Priority Research Objectives
Through hypothesis-driven observations, experimental manipulations, and large-scale, long-term field studies, ESS supports foundational terrestrial ecology research, including studies in critical and potentially sensitive ecosystems. The program’s goals are to understand and explain mechanisms and processes controlling primary production and carbon cycling, biogeochemistry, and the impacts of disturbance on terrestrial ecosystems.
Terrestrial ecology research focuses on ecosystems and ecological processes that are globally or regionally significant, expected to be sensitive to climate change, and are insufficiently understood or inadequately represented in models. As part of the Biological and Environmental Research (BER) Program, ESS coordinates with BER’s Earth and Environmental Systems Modeling program (and research from other federal agencies), ensuring that experimental and observational results are incorporated into Earth system models to enhance climate projections and inform DOE’s energy decisions. ESS is a leader among U.S. and international agencies in the design, construction, and operation of pioneering, long-term, large-scale field experiments that are critical to understanding ecosystem responses to a changing climate.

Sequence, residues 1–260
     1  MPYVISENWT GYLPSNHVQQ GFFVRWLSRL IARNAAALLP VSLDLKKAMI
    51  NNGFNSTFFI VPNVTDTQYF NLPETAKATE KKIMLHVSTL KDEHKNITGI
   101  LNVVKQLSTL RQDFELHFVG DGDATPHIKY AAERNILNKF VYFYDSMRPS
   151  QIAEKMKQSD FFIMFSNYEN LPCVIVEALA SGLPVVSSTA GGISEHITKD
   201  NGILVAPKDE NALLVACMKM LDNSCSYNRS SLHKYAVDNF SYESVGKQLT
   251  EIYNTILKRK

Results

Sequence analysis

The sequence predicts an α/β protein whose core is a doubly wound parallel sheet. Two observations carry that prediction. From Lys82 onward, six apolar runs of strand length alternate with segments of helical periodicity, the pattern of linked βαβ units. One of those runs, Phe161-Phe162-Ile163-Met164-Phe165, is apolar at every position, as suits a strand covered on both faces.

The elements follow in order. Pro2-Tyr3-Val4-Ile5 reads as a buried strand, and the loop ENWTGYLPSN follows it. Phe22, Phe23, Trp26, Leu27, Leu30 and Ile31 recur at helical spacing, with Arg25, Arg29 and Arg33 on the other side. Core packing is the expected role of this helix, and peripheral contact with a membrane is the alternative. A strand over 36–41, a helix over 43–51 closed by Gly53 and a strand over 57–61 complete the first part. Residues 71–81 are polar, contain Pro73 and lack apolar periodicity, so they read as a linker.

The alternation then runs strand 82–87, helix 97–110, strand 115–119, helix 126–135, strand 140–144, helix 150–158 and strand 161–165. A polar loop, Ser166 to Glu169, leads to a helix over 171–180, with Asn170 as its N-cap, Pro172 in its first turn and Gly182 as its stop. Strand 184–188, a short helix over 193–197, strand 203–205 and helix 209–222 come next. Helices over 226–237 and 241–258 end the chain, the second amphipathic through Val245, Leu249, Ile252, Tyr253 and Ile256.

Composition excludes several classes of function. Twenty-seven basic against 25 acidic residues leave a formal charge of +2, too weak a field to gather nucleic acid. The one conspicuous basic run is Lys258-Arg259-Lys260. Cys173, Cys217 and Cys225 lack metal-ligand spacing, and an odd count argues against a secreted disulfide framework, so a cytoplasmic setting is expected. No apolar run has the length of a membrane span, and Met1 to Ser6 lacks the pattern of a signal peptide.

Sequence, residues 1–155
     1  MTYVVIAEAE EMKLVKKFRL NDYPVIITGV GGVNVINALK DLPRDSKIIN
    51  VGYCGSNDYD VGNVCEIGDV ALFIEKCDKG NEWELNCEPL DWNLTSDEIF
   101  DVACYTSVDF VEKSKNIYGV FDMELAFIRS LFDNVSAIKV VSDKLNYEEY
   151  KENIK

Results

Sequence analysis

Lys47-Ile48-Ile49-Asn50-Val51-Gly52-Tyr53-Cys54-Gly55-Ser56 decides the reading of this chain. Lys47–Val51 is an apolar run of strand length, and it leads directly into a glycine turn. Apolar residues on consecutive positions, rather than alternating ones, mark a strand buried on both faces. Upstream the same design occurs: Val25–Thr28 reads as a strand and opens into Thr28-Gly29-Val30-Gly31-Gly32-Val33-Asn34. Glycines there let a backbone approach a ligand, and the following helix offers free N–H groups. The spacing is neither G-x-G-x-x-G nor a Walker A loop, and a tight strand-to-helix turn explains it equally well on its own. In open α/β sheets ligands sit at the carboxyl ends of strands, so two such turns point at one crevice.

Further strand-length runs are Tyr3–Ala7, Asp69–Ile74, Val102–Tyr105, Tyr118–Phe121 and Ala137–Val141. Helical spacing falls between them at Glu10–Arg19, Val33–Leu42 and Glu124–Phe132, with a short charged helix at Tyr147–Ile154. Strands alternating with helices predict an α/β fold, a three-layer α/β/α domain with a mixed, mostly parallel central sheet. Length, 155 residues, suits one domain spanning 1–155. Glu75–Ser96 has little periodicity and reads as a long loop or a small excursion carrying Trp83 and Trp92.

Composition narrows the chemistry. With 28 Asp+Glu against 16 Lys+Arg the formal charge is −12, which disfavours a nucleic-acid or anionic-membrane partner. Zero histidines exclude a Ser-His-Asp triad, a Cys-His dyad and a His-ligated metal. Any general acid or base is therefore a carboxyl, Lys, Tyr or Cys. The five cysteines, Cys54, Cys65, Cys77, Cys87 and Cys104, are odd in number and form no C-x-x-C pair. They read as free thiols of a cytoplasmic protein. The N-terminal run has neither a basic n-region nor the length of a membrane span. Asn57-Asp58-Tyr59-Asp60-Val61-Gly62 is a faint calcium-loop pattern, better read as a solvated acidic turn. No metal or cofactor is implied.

Current and future ESS investments in terrestrial ecology research include BER’s innovative concept for coupling models with experimental and observational campaigns such as the Next-Generation Ecosystem Experiments (NGEE) projects in the Arctic and tropics. ESS supports additional investments in large-scale ecosystem manipulations in the Spruce and Peatland Responses Under Changing Environments (SPRUCE) project being conducted in northern Minnesota.
Why Terrestrial Ecology Research Is Important
A significant fraction of the CO2 released to the atmosphere during energy production is taken up by terrestrial ecosystems. This “sink” for anthropogenic carbon represents an important buffer for offsetting the greenhouse gas effects of CO2 emissions. However, greater insight is needed into the details of these processes, the role of climate variability and change on that uptake, and effects of related processes such as nutrient, water, and energy cycling. Uncertainties about how terrestrial ecosystems will function in a changing climate hamper efforts to quantify and project long-term impacts and stability of carbon in the biosphere. Understanding ecosystem functions is essential for improving the ability to predictively model terrestrial ecosystems and their feedbacks to the Earth system. Terrestrial ecology research supported by ESS navigates the forefront of interactions between terrestrial ecosystems and a changing climate, with the ultimate goal of capturing the state of the science in coupled Earth system models.